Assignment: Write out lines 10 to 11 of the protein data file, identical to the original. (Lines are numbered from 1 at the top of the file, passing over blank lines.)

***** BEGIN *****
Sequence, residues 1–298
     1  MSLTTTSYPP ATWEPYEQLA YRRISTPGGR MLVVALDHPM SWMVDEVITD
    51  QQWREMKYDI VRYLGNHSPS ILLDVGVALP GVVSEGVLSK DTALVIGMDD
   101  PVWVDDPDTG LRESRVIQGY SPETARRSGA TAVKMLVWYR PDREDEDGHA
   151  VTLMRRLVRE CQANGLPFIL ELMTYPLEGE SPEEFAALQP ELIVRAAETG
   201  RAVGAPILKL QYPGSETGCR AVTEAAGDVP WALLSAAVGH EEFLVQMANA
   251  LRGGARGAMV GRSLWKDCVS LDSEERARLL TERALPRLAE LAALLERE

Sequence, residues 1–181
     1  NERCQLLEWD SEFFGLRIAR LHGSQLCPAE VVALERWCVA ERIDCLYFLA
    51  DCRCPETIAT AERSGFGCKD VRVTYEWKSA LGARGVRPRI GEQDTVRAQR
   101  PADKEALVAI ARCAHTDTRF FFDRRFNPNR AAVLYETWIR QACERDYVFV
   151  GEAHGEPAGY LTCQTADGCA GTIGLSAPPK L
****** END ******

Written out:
    51  DCRCPETIAT AERSGFGCKD VRVTYEWKSA LGARGVRPRI GEQDTVRAQR
   101  PADKEALVAI ARCAHTDTRF FFDRRFNPNR AAVLYETWIR QACERDYVFV